Posted: Tue May 07, 2019 1:27 pm
Baritone. If I had been threatened, I could have hit some of the tenor notes, my high note being D, easier to hit, I reckon, if I were wearing a corset. Pre-teen I could hit the highest A on the piano. I could hit the B above, but it wasn't musical. My low note at that time was about an F below Middle C, so quite a range.
It is the baritone/bass section that gives Sanctus that rolling, seafaring gait. The choir literally swayed (very slightly) back and forth.
The one massive choral piece I regret never having the opportunity to sing is the Berlioz Requiem. I'm old now, and the pipes are not merely rusty, but shot, so that will never happen.
Posted: Tue May 07, 2019 3:00 pm
I acquired, at a sidewalk sale I think, a single 78 RPM disc from what must have been a vast album of the B minor Mass; it contained the Sanctus.
For a period in my teens I would come home from school and put that disc on a little portable Webcor phonograph I had and turn up the volume . . .
Posted: Thu May 09, 2019 12:24 pm
Ah, the good old 78s! My mother had a 1917 recording of Amelita Galli-Curci singing "Dov'e l'indiana Bruna (Bell Song) from Delibes' Lakme, possibly the most difficult song in opera. Mother dreamed of singing that song, but alas, Galli-Curci was a Coloratura, while mom was a Spinto.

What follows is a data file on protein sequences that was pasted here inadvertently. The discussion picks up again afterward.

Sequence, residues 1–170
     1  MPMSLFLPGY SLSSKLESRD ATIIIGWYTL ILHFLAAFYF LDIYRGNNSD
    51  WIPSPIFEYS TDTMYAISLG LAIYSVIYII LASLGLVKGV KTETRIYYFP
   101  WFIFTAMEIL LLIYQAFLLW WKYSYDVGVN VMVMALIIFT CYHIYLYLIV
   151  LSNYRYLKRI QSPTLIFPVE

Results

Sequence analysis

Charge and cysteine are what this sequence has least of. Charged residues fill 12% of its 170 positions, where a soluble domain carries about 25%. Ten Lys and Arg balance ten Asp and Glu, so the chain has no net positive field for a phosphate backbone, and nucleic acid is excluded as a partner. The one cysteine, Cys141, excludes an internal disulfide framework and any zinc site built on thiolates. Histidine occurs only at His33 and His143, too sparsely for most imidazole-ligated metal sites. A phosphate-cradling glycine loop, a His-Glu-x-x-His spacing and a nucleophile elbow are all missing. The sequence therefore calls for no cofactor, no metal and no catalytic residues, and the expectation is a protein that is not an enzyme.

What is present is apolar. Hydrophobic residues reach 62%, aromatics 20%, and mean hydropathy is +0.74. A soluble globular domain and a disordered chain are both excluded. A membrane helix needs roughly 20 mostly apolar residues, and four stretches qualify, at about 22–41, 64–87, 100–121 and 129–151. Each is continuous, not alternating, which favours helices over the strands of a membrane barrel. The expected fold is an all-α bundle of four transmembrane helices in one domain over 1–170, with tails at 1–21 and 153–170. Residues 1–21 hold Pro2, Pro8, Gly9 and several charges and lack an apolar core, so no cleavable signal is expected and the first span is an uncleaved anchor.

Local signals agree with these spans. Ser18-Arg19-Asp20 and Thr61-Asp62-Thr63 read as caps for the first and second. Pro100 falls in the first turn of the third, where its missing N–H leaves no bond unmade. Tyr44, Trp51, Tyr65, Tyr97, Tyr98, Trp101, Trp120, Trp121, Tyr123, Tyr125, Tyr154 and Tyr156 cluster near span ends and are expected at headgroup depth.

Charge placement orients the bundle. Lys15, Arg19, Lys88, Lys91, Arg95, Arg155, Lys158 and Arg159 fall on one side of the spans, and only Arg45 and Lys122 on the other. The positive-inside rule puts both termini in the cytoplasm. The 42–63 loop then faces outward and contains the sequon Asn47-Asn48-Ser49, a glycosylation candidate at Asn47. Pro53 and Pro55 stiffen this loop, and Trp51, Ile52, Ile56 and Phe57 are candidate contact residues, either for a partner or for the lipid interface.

A friend of mine, Coe Glade, whose claim to fame was having starred in "Carmen" more than any other singer in history, was living in California while the studios were mulling over making her a star. (In addition to having a spectacular voice, she as beautiful as Hedy Lamarr.) The doorbell rang, and Coe's mother went to answer it. Coe heard the door slam. "Who was that?" she asked. "Oh, just another gypsy!" the mother exclaimed. Coe went to the window to see Galli-Curci, Coe's idol, storming off in a rage!
Posted: Thu Jun 06, 2019 8:54 pm
Well, I am now a confirmed devotee of the Netherlands Bach Society and their project to record all of Bach. What's out there so far is spectacular.
Here's a bit of the B Minor Mass, arranged by Bach as a Gloria. A chance to hear familiar music at new depths and heights---and tempi ? As the decades pass, those interpreting Bach's music just get further and further into it, it seems...
Posted: Sat Jun 08, 2019 8:41 pm
Music lovers, and others, might enjoy the first 7 3/4 minutes (at least) of this video; the "exalted calm" of Herr Bach is on display in full measure...
Wright, writing in 1932: "I have always loved old Germany; Goethe, Schiller, Nietzsche, Bach---the great architect who happened to choose music for his form---Beethoven and Strauss..."
Posted: Sat Jun 08, 2019 9:03 pm
Follow that with this tenor aria, starting at 5:15---and try to get that accompanying melody out of your head afterwards !
Posted: Sat Jun 08, 2019 10:10 pm
And for those who read music---or wish they did---here's a pleasant and possibly rewarding visual exercise and musical feast:
An example of Bach's "architecture," revealed ?
And that might lead you to this: